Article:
Discrimination in non-government employment settings is defined by statute; what is prohibited or permitted will vary from jurisdiction to jurisdiction.
The BC Human Rights Code says that, in employment, a person must not
discriminate against a person regarding employment or any term or condition of employment because of gender identity or expression" (s. 13).
However, s. 42 deems that it is not discrimination to adopt an equity program that "has as its objective the amelioration of conditions of disadvantaged individuals or groups who are disadvantaged because ... sex, sexual orientation, or gender identity or expression." The BC Human Rights Tribunal and the Court of Appeal for British Columbia have both held that such preferential treatment does not require prior approval: see Reid et al. v. Vancouver (City) et al. (No. 5), 2000 BCHRT 30 at para 204; Miller v. The Union of British Columbia Performers, 2022 BCCA 358 at paras. 52, 54, 59.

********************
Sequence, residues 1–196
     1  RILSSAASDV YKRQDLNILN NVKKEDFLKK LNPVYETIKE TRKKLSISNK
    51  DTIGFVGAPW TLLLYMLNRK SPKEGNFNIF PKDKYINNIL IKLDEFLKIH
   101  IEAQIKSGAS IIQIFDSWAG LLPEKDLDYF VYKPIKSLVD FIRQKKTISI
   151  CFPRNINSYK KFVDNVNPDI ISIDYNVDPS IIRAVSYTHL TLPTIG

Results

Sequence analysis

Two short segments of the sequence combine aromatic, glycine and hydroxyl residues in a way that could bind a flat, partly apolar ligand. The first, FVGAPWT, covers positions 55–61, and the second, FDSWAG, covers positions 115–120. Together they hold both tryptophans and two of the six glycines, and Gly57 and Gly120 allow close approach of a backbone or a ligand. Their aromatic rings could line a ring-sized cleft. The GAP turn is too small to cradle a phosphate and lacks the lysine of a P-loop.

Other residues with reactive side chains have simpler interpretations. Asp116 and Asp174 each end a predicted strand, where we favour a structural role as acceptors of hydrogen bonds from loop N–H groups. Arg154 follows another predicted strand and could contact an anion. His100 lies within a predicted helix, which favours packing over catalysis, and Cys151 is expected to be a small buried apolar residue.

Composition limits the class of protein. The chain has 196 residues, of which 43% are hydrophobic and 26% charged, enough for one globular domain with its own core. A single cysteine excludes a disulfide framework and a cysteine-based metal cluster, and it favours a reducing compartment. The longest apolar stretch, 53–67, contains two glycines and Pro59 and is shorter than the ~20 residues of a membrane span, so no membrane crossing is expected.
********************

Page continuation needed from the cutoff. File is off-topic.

The question will turn on whether the distinction is:
- with respect to a disadvantaged group
in the sense that it furthers substantive equality (Miller at para. 58):
... a program that distinguishes between individuals based on a protected ground to ameliorate the conditions of a disadvantaged group furthers substantive equality and is not discriminatory even though such programs necessarily exclude people from other groups. This is because differential treatment in the service of equality for disadvantaged groups is an expression of equality, not an exception that requires exemption. The Court explained that disadvantaged groups are identifiable by their protected characteristics, which connote “vulnerability, prejudice and negative social characterisation”.
This is an inherently fact-specific inquiry that would be left to the assessment of the Human Rights Tribunal absent some error rising to the level of patent unreasonableness.